Volume 21, Number 8—August 2015
Rabies Postexposure Prophylaxis for Travelers Injured by Nonhuman Primates, Marseille, France, 2001–2014
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|EID||Blaise A, Parola P, Brouqui P, Gautret P. Rabies Postexposure Prophylaxis for Travelers Injured by Nonhuman Primates, Marseille, France, 2001–2014. Emerg Infect Dis. 2015;21(8):1473-1476. https://dx.doi.org/10.3201/eid2108.150346|
|AMA||Blaise A, Parola P, Brouqui P, et al. Rabies Postexposure Prophylaxis for Travelers Injured by Nonhuman Primates, Marseille, France, 2001–2014. Emerging Infectious Diseases. 2015;21(8):1473-1476. doi:10.3201/eid2108.150346.|
|APA||Blaise, A., Parola, P., Brouqui, P., & Gautret, P. (2015). Rabies Postexposure Prophylaxis for Travelers Injured by Nonhuman Primates, Marseille, France, 2001–2014. Emerging Infectious Diseases, 21(8), 1473-1476. https://dx.doi.org/10.3201/eid2108.150346.|
Most exposures of residents of Marseille to nonhuman primates occurred among unvaccinated adult travelers to Southeast Asia within the first 10 days of their arrival at 2 major tourist locations in Thailand and 1 in Indonesia. A small proportion of travelers received rabies immunoglobulin in the country of exposure.
Rabies is estimated to cause >60,000 human deaths worldwide annually on the basis of a probability decision-tree approach; primarily resulting from dog bites, the disease is of public health concern in most countries in Asia and Africa (1). Nonhuman primates (NHPs) are not primary reservoirs of rabies; nevertheless, 159 reports of rabies in NHPs, of which 134 were laboratory-confirmed cases, have been retrieved from various sources in South America, Africa, and Asia (2). This total is probably underestimated because weak rules pertaining to rabies surveillance in some countries, such as not requiring reports of rabidity in all species, are likely to result in underreporting of rabid NHPs. Cases of rabies in humans after injury by NHPs were also reported in 25 persons, mostly in Brazil (2). Although rarely reported, documented cases of rabies infections in NHPs and subsequent transmission to humans do occur, warranting the need for rabies postexposure prophylaxis (PEP) after NHP exposure in countries to which rabies is endemic. The epidemiology of NHP-related injuries has been described in case reports or small cohorts of patients only (3,4). Here, we describe the epidemiology of 135 cases of NHP-related injuries in persons seen in the Marseille Rabies Treatment Centre in Marseille, France.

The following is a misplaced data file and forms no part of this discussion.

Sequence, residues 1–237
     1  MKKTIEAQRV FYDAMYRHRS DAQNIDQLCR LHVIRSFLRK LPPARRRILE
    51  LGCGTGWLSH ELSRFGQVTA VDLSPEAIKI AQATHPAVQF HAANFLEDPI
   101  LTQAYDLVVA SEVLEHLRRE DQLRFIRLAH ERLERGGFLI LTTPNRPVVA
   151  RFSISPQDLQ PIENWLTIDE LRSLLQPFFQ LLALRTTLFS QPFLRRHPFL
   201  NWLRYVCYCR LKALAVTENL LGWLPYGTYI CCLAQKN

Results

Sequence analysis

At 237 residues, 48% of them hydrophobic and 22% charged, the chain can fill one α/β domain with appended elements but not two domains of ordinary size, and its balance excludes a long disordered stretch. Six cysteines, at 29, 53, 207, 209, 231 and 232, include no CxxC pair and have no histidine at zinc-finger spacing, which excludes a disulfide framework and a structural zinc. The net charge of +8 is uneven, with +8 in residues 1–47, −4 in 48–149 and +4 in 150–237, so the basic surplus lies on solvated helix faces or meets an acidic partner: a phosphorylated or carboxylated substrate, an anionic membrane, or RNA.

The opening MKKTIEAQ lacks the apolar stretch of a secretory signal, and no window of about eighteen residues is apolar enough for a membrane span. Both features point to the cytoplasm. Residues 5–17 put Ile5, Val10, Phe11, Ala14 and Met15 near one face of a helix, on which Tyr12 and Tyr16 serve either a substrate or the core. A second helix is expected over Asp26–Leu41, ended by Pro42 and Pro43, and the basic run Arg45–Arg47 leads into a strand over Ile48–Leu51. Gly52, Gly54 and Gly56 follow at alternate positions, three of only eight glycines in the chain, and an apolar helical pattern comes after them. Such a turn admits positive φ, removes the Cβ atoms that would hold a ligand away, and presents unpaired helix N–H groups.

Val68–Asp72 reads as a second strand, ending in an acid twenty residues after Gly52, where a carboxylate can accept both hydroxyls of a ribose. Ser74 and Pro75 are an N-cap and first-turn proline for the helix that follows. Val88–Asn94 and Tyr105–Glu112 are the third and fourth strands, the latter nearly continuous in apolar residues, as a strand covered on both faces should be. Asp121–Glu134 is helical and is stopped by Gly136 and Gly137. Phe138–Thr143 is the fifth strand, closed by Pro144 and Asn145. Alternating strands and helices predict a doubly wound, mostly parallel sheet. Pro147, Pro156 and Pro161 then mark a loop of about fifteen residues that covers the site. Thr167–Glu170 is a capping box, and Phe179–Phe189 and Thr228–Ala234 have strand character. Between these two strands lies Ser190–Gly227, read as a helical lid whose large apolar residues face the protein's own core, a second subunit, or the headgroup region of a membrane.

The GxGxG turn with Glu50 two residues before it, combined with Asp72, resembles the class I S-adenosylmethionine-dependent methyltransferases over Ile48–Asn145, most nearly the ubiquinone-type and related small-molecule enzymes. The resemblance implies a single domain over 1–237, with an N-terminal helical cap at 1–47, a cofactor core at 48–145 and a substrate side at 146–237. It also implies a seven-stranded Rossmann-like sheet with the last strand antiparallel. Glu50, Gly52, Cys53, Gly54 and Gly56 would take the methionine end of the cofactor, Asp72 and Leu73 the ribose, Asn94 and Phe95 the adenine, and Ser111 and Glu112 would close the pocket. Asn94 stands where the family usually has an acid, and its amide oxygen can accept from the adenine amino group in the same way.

During 2001–2014, epidemiologic data on NHP–related injuries and associated rabies PEP treatment were prospectively collected for patients of the Marseille Rabies Treatment Centre. Demographics, place of exposure, travel characteristics, clinical data, and rabies PEP were documented.
A total of 135 cases of persons injured by NHPs reported during a 14-year period were included, representing an average 10 cases/year (range 4–16 cases/year), with a tendency to increase over time (Figure, panel A). Exposures were more frequently reported during July–October (Figure, panel B). The F/M sex ratio of patients was 1.1, and the mean age was 30 years (median 27 years; range 3–70 years); 20.7% of patients were <15 years of age (Table 1). Of the 135 patients, 2 had complete and 1 incomplete preexposure vaccination against rabies. Most exposures (n = 120, 88.9%) occurred outside of France, notably in Southeast Asia (n = 82); most cases occurred in Thailand (n = 48) and Indonesia (n = 25). Most exposures in Thailand were on Monkey Beach on Koh Phi Phi Island and in the Lopburi Monkey Temple; most exposures in Indonesia were in the Ubud Monkey Forest in Bali (Table 2). Most persons injured abroad were tourists with a mean travel duration of 21 days (median 17 days; range 3–180 days). The mean time between the first date of travel and exposure was 10 days (median 8 days; range 1–50 days).